Having aches and pains in your joints is a part of life.
You’ve probably dealt with some knee pain at some point, whether short-term or a more chronic issue.
The knee joints are involved in almost all physical activity, so having knee pain can be a big disruption in your daily lifestyle.
There are several different knee pain causes, which can manifest themselves in different ways.
Knowing the different knee pain causes, ways to prevent knee pain, and the various treatment options can help keep you pain-free and able to enjoy being active with good mobility.
Get Your FREE Arthritis Guide
- Learn how to naturally improve your arthritis symptoms
- Dietary recommendations, exercise guides, supplements, and lifestyle changes
- Developed exclusively by our medical doctor
Knee pain can manifest itself in different ways according to the location of the injury.
Some of the symptoms that can accompany knee pain include:
- Swelling and stiffness
- Redness and warmth to the touch
- Weakness or instability
- Popping or crunching noises
- Inability to fully straighten the knee
There are several knee pain causes, which can make diagnosing the exact problem difficult at times.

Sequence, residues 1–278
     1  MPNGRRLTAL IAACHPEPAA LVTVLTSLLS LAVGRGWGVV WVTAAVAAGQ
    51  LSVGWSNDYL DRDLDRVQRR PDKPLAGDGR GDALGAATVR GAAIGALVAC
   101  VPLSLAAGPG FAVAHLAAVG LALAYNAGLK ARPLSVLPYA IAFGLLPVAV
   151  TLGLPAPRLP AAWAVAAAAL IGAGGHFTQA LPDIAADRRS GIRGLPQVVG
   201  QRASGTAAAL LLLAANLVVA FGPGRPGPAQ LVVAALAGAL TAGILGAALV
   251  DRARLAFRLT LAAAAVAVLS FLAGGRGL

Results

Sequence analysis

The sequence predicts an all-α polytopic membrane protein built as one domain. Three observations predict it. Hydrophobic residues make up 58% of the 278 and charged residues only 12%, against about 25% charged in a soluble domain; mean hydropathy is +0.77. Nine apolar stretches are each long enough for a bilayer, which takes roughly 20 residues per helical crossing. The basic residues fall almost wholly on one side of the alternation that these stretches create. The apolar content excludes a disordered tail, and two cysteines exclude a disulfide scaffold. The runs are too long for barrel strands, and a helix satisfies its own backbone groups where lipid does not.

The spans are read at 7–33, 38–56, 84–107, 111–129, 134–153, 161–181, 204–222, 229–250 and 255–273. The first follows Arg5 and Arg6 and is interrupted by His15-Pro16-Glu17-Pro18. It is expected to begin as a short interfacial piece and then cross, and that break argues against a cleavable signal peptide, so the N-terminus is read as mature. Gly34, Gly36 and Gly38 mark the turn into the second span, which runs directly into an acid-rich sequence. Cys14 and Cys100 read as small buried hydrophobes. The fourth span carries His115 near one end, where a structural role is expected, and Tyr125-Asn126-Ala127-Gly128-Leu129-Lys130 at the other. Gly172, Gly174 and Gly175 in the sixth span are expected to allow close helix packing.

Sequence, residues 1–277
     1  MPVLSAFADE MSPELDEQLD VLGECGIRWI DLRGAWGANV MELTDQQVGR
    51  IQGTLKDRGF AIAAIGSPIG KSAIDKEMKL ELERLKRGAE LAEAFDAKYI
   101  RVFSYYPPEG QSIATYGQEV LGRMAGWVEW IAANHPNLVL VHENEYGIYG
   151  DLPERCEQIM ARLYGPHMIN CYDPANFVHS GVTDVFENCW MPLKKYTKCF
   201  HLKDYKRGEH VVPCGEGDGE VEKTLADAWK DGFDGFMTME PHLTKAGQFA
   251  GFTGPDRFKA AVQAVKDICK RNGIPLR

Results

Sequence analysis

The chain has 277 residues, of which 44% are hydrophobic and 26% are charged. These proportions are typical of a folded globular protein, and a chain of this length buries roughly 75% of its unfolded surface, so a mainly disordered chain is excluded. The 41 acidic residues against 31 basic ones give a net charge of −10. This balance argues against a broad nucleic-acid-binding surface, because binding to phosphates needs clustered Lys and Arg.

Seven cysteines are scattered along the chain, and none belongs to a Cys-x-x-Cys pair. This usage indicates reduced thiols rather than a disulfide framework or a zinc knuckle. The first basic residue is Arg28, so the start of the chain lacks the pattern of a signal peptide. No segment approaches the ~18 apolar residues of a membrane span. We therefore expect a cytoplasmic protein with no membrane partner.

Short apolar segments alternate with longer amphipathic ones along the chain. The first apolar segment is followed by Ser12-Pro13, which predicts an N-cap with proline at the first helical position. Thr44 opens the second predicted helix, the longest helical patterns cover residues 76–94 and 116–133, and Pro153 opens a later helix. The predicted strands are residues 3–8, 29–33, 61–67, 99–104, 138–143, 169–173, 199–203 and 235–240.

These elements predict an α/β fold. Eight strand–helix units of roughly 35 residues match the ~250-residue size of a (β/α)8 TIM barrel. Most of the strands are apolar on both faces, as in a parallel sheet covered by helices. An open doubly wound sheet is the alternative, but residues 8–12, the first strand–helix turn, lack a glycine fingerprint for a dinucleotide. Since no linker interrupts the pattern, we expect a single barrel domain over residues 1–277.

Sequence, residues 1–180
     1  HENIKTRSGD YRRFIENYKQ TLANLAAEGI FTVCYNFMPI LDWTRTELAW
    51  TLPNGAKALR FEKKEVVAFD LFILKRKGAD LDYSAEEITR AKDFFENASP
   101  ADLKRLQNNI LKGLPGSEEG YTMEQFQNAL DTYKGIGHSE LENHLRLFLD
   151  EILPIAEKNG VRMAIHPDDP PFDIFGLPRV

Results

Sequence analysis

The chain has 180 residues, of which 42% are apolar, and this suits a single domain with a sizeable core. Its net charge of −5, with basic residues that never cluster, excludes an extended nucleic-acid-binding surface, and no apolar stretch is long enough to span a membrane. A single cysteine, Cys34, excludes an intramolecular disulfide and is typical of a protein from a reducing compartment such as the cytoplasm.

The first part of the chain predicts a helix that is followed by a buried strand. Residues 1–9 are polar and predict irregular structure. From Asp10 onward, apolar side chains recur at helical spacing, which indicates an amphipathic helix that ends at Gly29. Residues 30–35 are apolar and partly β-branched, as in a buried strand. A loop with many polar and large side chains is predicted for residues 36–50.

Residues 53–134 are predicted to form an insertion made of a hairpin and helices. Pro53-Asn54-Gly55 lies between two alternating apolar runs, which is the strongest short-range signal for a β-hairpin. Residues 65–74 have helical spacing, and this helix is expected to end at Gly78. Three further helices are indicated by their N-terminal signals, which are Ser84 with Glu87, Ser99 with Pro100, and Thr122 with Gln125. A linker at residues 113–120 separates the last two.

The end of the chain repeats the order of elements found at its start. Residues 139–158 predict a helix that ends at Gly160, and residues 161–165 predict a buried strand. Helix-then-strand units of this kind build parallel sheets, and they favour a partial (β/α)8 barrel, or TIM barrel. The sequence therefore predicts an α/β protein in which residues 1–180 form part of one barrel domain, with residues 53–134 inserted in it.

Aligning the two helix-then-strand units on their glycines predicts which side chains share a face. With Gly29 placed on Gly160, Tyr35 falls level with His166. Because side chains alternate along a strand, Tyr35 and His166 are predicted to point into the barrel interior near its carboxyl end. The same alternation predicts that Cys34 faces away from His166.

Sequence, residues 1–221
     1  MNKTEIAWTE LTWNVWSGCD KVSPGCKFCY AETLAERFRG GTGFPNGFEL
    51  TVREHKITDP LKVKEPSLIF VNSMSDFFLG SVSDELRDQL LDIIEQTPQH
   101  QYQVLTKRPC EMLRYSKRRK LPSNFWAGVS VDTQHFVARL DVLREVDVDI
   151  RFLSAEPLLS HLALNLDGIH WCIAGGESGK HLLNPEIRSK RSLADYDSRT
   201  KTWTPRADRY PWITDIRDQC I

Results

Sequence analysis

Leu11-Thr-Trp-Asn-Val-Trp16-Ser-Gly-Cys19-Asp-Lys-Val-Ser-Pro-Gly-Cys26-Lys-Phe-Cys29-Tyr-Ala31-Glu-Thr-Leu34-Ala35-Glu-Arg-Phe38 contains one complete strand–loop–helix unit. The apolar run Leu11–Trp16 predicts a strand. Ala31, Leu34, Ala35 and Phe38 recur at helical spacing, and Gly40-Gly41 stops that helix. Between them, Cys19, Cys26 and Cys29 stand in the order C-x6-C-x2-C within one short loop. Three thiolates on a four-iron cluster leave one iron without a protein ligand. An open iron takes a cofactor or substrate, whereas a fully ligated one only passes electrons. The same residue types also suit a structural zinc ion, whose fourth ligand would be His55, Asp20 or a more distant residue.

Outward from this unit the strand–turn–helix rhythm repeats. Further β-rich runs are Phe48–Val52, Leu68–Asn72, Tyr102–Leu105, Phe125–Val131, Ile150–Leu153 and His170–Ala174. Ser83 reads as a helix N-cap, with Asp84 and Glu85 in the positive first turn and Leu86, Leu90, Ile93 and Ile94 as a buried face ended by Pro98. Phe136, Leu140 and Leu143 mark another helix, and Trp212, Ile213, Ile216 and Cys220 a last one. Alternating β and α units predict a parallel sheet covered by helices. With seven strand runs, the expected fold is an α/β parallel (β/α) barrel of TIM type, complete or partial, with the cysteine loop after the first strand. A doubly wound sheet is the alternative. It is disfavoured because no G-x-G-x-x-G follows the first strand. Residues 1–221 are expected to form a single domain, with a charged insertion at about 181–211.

Your healthcare provider will likely take a detailed history of the onset of the pain, duration, and other aspects of your medical history to make an accurate diagnosis.
Imaging studies may also be ordered to make a definitive diagnosis.
The different knee pain causes can be grouped into three main categories: injuries, mechanical problems, and arthritis.
One of the most apparent knee pain causes is an injury to the knee joint.
A knee injury can impact many parts of the knee, including the ligaments, tendons, and fluid-filled sacs called bursae surrounding the knee joint.
The injury can also affect the bones, ligaments, and cartilage of the actual knee joint.
Ligaments are a type of connective tissue that connects two bones, whereas tendons attach muscle to bone.
Common knee injuries
ACL stands for anterior cruciate ligament, one of four ligaments that help connect the shin bone to the thigh bone.
The ACL helps stabilize the knee and can be torn during activities that require quick changing of direction, such as basketball, soccer, football, tennis, and skiing.
The bones of the knee, including the patella (kneecap), can be broken from trauma such as car accidents or falls.
This is one of the most common knee pain causes resulting from an injury.
The meniscus is a C-shaped piece of cartilage that helps cushion the thigh bone and shin bone.
The bursae are small, fluid-filled sacs that surround many joints, including the knee.
The bursae help cushion the knee joint, allowing the tendons and ligaments to glide smoothly during motion.
Knee bursitis symptoms tend to occur gradually over time (versus sudden knee pain), and can occur from prolonged kneeling on hard surfaces.
The patellar tendon connects the shin bone to the kneecap and works along with the thigh muscles (such as the quadriceps) to straighten the leg.